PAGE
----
Re: Object-oriented thinking in SQL context?

From: David BL <>
Date: Tue, 9 Jun 2009 20:50:27 -0700 (PDT)
Message-ID: <>

On Jun 10, 10:48 am, paul c <> wrote:
> David BL wrote:
> > On Jun 10, 10:10 am, paul c <> wrote:
> >> David BL wrote:
> >>> On Jun 10, 9:44 am, paul c <> wrote:
> >>>> David BL wrote:
> >>>> ...
> >>>>> This is clearly intended to mock, and in a nasty way. It is typical of
> >>>>> BB. Perhaps BB could himself do with some suggestions for reading
> >>>>> material - books with titles like "How to win friends and influence
> >>>>> people".
> >>>>> Of course Reinier was also mocking various regulars in the newsgroup.
> >>>>> However, I found his comment quite amusing - and nothing like BB's
> >>>>> aggressive tone. BB's reaction also suggests lack of balance.
> >>>> Maybe you should count yourself lucky that you didn't get called for
> >>>> suggesting a paradox could ever be a foundation, aka DVA's!
> >>> What paradox would that be?
> >> Russell's.
> > I know Russel's paradox. What has that got to do with it?
> What I suggest you do is look for his Intro. to Math. Philo., (it might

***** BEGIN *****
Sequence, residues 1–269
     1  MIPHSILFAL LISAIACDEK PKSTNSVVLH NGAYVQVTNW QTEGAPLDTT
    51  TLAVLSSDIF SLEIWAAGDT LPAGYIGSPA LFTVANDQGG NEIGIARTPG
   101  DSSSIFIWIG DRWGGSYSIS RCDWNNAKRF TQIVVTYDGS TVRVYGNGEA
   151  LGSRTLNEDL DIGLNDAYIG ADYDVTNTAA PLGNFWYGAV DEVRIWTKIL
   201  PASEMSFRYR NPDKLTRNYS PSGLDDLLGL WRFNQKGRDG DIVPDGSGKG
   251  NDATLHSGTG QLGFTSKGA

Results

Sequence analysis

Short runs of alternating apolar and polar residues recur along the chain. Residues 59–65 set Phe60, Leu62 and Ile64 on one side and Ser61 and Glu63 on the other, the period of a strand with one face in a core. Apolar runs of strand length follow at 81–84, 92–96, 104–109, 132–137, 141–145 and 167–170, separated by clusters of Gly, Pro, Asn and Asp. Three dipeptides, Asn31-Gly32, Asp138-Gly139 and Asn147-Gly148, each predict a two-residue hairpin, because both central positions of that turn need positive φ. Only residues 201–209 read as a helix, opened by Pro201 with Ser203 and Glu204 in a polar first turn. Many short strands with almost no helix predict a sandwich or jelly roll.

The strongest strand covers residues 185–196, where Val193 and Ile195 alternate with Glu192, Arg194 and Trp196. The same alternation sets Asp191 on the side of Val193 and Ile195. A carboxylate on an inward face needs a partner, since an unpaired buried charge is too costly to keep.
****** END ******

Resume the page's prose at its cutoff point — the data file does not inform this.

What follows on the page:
> help you if you were to concentrate), a pretty skinny book compared to
> most in the db field. Unlike his other theoretical stuff, it was aimed
> at the the layman, in particular, various self-taught technologists and
> interested readers of the time who had been introduced such theory and
> spent their Monday evenings at the local scientific society meetings in
> pre-WWI Britain, albeit ones whose first language was English. It may
> not tell you in five words why DVA's are paradoxes, and it may not tell
> most readers why "DA's" (not data administrators, ha, ha), aren't
> paradoxes, but it may give you some practice that would help to see why
> values that refer to the context that refers to them are a distortion
> of the recursion idea. I'd guess you could read parts of it for free on
> google books.

I never suggested that a value would refer to the context that refers to it. Definately not. Why do you think that?

There is nothing self-contradictory about a relation type that uses a database type as the domain type for one of the attributes, meaning that values of that domain type are sets of named relation values.

In the same way that one can static type relations by the names and types of the attributes, one can static type databases by the names and types of the relations. This would tend to avoid recursive type definitions when using DVAs - not that recursive types should be regarded as a problem in general.

> It pisses me off that various publisers like Cambridge
> Univ. help to pay their useless bureaucrats by preserving copyrights of
> dead people. On the other hand, this keeps those off the welfare rolls.
> It is perhaps the the first book to anticipate Codd, maybe by more
> than fifty years.
Received on Wed Jun 10 2009 - 05:50:27 CEST

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